Organic Gardening For Dummies
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When you plan your garden you have to start by assessing what you have. You want your garden to prosper in your climate and to pick plants that thrive in your soil. You must also take existing buildings, walls, and walkways into account in your garden plan. There are certain classic gardening problems and some standard solutions:

  • You have too much shade: Too much shade is often a problem you can remedy by pruning some trees and bushes.

  • You have too much sun: If your garden space is sunnier than you’d like, the quick solution is to add human-made items — try an umbrella or two, a pergola (arbor), or an outdoor tent.

  • Your yard is too big: Create garden beds around the sides of the yard, widening or extending them as you can.

    Alternatively, create beds in the middle of a lawn.

    • Add large, sprawling structures that take up a lot of yard space, such as paths, terraces, a patio or deck, a pool, or a gazebo.

    • Fence in or enclose individual “garden rooms” within spaces around your yard. The fence can be an artificial fence made of wood or metal, or it can be made of hedges, ornamental grasses, or trellises overhung with vines.

  • Your yard is too small: Don't feel limited by size. Your "pocket garden" can be beautiful!

    With these methods, you can transform your cozy little yard into the garden of your dreams:

    • If you have a fence, paint it a bright color, add lush vines or climbing roses, or adorn it with potted plants.

    • Place plant types and textures above and behind one another, stepping up to the edges of your yard. Display a combination of in-ground and potted plants on a rack or stepladder.

    • Add a statue, a small fountain, or one spectacular pot or urn with a big, dramatic plant to draw attention away from the close boundaries.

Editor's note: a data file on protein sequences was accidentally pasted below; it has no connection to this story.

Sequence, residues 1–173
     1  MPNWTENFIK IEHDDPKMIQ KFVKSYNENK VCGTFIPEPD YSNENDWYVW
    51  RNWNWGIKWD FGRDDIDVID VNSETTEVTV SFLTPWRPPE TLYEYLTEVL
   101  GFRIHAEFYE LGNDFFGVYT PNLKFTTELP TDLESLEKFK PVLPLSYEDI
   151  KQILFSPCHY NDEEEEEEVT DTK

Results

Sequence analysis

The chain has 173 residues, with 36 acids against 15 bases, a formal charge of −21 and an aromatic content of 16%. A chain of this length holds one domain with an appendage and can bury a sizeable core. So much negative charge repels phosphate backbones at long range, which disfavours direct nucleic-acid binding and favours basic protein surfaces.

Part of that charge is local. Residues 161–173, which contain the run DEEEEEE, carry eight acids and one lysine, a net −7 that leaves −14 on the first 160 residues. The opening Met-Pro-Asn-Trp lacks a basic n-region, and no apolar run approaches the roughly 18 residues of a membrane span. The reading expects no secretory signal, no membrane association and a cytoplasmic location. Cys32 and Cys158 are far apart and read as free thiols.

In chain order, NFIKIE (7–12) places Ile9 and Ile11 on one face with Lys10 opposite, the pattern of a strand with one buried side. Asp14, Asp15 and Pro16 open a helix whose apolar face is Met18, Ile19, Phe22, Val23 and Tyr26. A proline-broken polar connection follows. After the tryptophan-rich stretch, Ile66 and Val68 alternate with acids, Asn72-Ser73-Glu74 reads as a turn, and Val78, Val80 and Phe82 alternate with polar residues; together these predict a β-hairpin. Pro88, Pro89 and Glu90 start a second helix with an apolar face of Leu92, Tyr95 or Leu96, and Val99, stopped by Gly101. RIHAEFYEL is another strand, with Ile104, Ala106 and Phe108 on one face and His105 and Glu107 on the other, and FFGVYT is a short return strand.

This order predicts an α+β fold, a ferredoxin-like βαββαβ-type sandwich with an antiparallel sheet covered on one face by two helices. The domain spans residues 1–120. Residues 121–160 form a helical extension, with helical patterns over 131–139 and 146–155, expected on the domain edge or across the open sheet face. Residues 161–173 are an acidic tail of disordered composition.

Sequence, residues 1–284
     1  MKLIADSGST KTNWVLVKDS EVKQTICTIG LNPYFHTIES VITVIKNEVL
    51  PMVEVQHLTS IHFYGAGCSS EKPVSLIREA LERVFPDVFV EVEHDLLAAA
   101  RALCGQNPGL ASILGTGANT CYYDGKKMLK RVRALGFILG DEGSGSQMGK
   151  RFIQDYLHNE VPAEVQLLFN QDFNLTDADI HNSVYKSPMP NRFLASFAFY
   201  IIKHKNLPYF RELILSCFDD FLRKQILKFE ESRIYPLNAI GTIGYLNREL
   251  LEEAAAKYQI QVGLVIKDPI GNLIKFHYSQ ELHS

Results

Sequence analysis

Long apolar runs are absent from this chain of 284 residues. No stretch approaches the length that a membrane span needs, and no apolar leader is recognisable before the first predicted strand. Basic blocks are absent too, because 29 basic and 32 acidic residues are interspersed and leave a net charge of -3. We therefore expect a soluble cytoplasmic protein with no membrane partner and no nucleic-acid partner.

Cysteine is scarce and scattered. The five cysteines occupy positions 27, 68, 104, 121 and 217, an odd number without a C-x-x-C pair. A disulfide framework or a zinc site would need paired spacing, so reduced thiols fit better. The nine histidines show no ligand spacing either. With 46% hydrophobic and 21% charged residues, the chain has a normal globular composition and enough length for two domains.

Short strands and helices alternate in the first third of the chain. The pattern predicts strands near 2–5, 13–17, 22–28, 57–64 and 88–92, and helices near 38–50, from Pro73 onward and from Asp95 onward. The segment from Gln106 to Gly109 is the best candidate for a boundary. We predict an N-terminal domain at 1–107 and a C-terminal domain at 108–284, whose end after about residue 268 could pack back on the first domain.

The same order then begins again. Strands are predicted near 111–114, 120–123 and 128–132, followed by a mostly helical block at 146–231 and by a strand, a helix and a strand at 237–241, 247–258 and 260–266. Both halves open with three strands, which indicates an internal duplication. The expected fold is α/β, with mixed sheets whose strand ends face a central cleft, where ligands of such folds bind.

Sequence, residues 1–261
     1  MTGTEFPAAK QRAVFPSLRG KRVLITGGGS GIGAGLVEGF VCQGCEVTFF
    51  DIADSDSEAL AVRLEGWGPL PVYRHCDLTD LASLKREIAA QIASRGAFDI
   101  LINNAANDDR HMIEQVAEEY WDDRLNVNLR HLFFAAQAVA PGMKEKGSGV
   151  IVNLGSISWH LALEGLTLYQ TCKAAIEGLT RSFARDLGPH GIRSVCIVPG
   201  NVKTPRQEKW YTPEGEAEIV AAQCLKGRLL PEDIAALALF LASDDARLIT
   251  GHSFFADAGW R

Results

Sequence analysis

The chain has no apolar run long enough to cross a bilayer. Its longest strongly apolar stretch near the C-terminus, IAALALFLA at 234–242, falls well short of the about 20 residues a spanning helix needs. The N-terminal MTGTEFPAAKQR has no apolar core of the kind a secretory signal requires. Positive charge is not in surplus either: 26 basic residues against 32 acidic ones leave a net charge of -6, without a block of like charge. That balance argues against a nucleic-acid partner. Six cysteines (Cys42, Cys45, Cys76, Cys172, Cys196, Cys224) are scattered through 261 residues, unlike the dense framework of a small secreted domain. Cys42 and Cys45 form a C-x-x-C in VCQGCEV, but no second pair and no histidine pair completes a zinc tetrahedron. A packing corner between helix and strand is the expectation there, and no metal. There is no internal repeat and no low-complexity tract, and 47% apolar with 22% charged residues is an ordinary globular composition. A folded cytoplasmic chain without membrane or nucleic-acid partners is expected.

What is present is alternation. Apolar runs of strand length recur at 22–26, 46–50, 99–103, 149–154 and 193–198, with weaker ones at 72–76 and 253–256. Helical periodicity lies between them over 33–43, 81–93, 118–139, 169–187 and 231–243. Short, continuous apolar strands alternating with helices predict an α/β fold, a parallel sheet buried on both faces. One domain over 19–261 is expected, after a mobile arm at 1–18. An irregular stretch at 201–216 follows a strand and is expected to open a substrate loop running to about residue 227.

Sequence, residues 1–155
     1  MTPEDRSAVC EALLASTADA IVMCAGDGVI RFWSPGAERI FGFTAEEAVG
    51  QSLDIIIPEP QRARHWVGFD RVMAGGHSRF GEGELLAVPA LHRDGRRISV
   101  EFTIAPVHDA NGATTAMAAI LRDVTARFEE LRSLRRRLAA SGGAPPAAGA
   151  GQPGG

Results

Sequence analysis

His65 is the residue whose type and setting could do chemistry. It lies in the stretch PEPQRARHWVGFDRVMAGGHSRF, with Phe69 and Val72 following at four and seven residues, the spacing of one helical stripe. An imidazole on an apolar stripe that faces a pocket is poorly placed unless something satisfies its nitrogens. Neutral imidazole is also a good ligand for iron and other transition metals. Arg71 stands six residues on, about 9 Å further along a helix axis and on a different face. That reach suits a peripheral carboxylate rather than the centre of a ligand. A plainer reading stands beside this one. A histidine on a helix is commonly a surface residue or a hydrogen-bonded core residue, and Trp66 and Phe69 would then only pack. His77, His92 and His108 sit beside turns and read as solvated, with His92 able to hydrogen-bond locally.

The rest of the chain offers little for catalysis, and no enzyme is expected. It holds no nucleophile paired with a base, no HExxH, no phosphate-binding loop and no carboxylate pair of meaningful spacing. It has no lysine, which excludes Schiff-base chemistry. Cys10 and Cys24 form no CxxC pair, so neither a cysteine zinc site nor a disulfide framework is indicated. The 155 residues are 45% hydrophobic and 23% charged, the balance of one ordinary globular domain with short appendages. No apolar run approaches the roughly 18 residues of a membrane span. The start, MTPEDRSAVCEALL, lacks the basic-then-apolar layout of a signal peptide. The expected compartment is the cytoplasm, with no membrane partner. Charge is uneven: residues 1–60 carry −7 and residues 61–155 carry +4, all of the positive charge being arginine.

Every garden space has its strengths. You can save yourself a lot of time, effort, and grief by identifying advantages and working with what you have. Here are a few examples of conditions you may find within your garden space:

  • Sunny days: Bright sunshine is beloved by many plants, especially those with colorful flowers. Rejoice and be glad you have it; then go shopping for a wide range of bright and lively plants.

  • The dark side: Without direct blasts from the hot sun, plants in a shady area look fresher and crisper for far longer.

  • Dry conditions: Instead of knocking yourself out trying to provide water for thirsty plants, seek out ones that prosper in drier growing conditions. Lots of exciting dry-ground, drought-tolerant plants are available to gardeners these days.

  • Water: If your yard’s soggy or boggy, grow plants that relish damp ground. Loads of good-looking choices — large and small, tall and ground-covering, flowering and foliage — are available.

About This Article

This article is from the book:

About the book authors:

Ann Whitman is the author of the first edition of Organic Gardening For Dummies.

Suzanne DeJohn is an editor with the National Gardening Association, the leading garden-based educational nonprofit organization in the U.S. NGA's programs and initiatives highlight the opportunities for plant-based education in schools, communities, and backyards across the country. These include award-winning Web sites and

The National Gardening Association (NGA) is committed to sustaining and renewing the fundamental links between people, plants, and the earth. Founded in 1972 as “Gardens for All” to spearhead the community garden movement, today’s NGA promotes environmental responsibility, advances multidisciplinary learning and scientifi c literacy, and creates partnerships that restore and enhance communities.
NGA is best known for its garden-based curricula, educational journals, international initiatives, and several youth garden grant programs. Together these reach more than 300,000 children nationwide each year. NGA’s Web sites, one for home gardeners and another for those who garden with kids, build community and offer a wealth of custom content.

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